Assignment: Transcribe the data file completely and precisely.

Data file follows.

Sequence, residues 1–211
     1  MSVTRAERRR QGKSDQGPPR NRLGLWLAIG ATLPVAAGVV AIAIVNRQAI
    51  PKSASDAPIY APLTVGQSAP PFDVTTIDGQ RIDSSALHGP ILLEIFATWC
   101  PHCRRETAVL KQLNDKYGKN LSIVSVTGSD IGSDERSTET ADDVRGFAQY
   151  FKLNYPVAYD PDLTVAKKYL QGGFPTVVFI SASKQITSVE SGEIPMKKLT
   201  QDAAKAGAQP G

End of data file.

Sequence, residues 1–211
     1  MSVTRAERRR QGKSDQGPPR NRLGLWLAIG ATLPVAAGVV AIAIVNRQAI
    51  PKSASDAPIY APLTVGQSAP PFDVTTIDGQ RIDSSALHGP ILLEIFATWC
   101  PHCRRETAVL KQLNDKYGKN LSIVSVTGSD IGSDERSTET ADDVRGFAQY
   151  FKLNYPVAYD PDLTVAKKYL QGGFPTVVFI SASKQITSVE SGEIPMKKLT
   201  QDAAKAGAQP G